Choosing hospice care isn't always easy

July 7, 2014
Choosing hospice care isn't always easy
Best time to check out options is before you need them, suggests expert.

(HealthDay)—Hospice care is an option for people who have terminal illnesses, but choosing the right hospice isn't always easy, experts say.

"Choosing a hospice to care for yourself or a loved one in the final months or even days of life is an important and stressful process," J. Donald Schumacher, president and CEO of the National Hospice and Palliative Care Organization (NHPCO), said in a news release from the group.

"Each hospice offers unique services and partners with specific community providers—so it's important to contact the hospices in your area and ask them questions to find the one with the services and support that are right for you," he explained.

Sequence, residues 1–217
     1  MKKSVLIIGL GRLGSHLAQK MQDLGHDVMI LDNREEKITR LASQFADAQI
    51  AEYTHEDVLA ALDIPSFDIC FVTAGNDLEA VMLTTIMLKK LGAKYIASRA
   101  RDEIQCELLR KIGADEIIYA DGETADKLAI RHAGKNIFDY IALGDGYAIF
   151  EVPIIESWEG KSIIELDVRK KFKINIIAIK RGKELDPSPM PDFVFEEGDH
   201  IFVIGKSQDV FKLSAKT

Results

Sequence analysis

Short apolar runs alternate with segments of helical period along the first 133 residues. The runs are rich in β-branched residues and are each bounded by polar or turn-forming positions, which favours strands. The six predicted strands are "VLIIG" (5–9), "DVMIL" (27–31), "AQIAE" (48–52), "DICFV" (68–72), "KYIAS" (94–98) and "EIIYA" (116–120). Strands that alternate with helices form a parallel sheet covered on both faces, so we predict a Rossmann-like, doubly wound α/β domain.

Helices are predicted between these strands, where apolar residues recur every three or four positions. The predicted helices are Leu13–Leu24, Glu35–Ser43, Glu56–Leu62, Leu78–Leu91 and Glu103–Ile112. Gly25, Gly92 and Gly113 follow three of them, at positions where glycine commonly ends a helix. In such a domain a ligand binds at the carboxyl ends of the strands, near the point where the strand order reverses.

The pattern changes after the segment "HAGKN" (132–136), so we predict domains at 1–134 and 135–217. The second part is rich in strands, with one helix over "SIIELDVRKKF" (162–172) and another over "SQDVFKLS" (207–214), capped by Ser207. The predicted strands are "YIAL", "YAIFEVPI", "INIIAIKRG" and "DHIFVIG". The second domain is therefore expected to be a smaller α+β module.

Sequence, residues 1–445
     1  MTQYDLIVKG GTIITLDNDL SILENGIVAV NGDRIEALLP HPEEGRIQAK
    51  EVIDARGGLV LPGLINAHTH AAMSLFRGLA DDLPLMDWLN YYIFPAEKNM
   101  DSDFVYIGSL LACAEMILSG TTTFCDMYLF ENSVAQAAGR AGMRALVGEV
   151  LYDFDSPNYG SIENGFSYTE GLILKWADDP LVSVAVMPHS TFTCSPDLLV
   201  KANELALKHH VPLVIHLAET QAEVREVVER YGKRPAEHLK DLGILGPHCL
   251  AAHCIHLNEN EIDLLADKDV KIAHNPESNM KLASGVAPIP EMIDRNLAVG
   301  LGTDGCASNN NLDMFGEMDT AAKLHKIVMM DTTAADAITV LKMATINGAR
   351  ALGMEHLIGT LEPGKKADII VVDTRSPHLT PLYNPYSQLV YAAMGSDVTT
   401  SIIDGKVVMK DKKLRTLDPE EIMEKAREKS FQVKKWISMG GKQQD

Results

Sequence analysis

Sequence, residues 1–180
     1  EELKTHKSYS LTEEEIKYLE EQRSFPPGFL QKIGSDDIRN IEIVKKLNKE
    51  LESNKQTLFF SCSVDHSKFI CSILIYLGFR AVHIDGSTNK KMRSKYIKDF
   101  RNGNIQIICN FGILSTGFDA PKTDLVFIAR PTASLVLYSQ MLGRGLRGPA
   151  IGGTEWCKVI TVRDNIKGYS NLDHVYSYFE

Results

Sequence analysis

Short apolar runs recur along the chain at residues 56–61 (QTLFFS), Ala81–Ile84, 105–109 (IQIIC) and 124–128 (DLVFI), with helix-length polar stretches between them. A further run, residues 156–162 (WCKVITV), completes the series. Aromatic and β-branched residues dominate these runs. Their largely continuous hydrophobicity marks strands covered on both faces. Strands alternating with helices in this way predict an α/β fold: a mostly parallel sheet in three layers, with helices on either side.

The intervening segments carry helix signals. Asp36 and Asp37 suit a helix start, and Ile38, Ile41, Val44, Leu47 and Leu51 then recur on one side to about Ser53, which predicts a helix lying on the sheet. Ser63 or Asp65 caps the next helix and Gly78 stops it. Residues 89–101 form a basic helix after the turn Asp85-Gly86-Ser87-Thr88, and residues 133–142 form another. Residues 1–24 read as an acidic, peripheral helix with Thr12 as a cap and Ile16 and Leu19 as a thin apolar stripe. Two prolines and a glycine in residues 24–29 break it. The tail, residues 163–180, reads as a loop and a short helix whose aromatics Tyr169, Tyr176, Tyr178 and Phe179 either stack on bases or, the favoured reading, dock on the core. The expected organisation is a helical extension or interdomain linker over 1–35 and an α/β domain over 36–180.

You may be able to get a recommendation from your doctor, other or relatives and friends that have used hospice services in the past.

The NHPCO outlined some questions you need to ask when choosing a hospice:

  • Is the facility Medicare-certified, is it accredited by a national organization, and when was the last state or federal survey of the program conducted?
  • What services can the hospice be expected to provide and how are services provided after-hours?
  • How and where does the hospice provide short-term inpatient care and what services do hospice volunteers offer?
  • How long does enrollment typically take once someone asks the hospice for services?

The question of when to begin must be decided by patients and families based on their unique needs, but it's a good idea to learn about care options long before it's needed, the NHPCO suggests.

Explore further: Louisiana shelves cut to Medicaid hospice program

More information: Learn more about hospice care from the Hospice Foundation of America.

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